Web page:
Are we crazy?
Well, maybe.
(but then, most of you already knew that...)

Aleksander Solzhenitsyn once said, "If one is forever cautious, can one remain a human being?"

And General George Patton said, "Take calculated risks. That is quite different from being rash."

You may disagree with the 'calculated risk' we took, but do know that it was calculated. Our friend, "E," who has lived at this location for 20 years, has always traveled this way. She vouched personally for the drivers, and we knew it was a once in a lifetime opportunity.

So we rode Skylab.

No, I'm not referring to the first U.S. Space station, though this Skylab was actually named after it.

This is the Filipino version.

Skylab: n. a motorbike fitted with a horizontal board at back that can seat several passengers across.

That's the official definition.
We didn't ride this type of skylab - ours had no 'wings' - the part that everyone agrees is the most dangerous place to sit. Instead they had elongated seats to accommodate extra passengers.

We walked with "E" to the Skylab 'station' where we were the source of amusement for a bunch of people!

All of the guys piled on one bike while the ladies waited for our driver to fuel up. He bought a Coke bottle full of gas from a roadside stand... this one below.
(You can see the Coke bottles of gas in the top of the wooden stand on the right.)

Then we hopped on and took off with Elise bravely perched on the tank and Amy hanging on the back.

We wound up the road for 15 minutes or so, bouncing and jolting, amazed that this was typical transportation mode for lots of people all of the time. That poor motorcycle was working very hard!
Along the way people stopped and stared after us - I'm sure we were a real novelty.

We were all pretty relieved to reach our destination; a hot spring/lake, and resort. "E" knew the staff and got us in for a free whirlwind tour.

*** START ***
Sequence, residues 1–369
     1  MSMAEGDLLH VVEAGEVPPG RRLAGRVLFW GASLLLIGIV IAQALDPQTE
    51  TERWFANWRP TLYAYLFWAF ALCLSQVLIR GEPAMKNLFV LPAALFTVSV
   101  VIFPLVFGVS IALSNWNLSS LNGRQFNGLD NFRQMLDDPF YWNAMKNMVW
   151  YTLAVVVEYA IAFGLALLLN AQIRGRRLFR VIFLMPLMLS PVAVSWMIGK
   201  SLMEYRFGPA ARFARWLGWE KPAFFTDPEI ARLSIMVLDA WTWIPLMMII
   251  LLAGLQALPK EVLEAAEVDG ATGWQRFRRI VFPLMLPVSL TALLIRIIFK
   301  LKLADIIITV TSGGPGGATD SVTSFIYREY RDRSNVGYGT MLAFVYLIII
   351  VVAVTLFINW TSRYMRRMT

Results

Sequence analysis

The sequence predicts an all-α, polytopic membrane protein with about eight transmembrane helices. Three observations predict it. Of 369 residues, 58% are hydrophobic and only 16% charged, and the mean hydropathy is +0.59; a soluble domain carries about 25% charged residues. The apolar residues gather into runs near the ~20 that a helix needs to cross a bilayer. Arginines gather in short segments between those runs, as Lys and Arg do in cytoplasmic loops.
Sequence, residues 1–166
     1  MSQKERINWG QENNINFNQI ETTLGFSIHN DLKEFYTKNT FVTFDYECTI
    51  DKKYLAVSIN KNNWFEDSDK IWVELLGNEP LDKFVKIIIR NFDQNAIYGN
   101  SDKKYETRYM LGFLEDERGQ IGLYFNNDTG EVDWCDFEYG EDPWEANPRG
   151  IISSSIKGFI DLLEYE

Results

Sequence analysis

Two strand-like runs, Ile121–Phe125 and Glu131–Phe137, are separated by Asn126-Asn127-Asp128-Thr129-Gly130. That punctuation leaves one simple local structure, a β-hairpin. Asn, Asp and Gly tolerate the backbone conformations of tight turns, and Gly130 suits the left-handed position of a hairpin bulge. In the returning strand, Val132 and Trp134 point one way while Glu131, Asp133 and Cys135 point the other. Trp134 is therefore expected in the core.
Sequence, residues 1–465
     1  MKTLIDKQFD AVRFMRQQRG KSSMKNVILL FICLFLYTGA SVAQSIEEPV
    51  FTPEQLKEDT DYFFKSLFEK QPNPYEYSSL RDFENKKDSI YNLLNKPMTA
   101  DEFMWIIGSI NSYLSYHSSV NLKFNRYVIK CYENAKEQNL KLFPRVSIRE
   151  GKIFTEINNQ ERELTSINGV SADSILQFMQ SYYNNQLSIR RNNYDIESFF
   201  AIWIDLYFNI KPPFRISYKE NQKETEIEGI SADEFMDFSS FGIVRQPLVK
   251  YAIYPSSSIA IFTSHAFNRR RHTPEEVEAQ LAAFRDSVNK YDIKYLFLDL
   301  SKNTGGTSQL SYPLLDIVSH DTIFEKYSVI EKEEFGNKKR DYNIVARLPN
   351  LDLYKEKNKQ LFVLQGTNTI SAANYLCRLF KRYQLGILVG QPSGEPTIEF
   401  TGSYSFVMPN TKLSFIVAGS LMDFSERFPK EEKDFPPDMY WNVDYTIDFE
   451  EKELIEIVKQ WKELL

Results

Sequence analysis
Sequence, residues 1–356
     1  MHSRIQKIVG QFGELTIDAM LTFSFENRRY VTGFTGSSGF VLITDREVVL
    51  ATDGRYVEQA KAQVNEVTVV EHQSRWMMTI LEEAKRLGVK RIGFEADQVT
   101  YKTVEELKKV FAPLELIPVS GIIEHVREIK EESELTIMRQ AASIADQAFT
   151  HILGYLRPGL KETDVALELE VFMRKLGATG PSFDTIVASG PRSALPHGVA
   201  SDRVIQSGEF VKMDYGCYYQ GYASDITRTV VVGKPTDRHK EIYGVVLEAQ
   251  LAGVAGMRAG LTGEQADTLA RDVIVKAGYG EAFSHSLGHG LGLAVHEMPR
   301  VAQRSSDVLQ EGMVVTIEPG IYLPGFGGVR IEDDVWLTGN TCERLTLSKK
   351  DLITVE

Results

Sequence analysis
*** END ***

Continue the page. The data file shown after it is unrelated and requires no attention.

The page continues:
A thermodynamic plant was built nearby to tap into this natural resource, and the shrine below was erected in the woods as a place to make sacrifices to appease the spirits for intruding in their domain. Sacrifices are still made, at least yearly.

The lake was an eerie place with steam rising in great clouds.

The water was HOT to the touch. You wouldn't want to stick your feet in this one.

There were also beautiful gardens with a mysterious, Shangri-La aura.

Soon we headed back to the motorcycles, wanting to make sure to get back to the house before dusk.

Unfortunately, just at that point it began to rain. We decided to venture down anyway.
I'm still not quite sure how our drivers could see where they were going. The rain was blowing so hard into my eyes that I had to close them most of the way.
The kids all rode with "E" on one bike, and Mark and I agreed afterward that we each were praying all the way down for the safety of our children who were coming behind us.

It was a relief to see them round the bend in the road, soaked to the skin, and grinning from ear to ear.
It's an experience they'll never forget, and it remains Michael's favorite part of visiting a village.

All too soon it was time to say goodbye - to the high school girls who had been so friendly (one of them gave a bracelet to Elise and wanted her to fill out a sheet of questions about herself - including "What Tribe Are You From?" !)

And goodbyes to the team we had worked with. Thank you for all of your sweet hospitality, and for making us feel so welcome. We'll always remember our visit!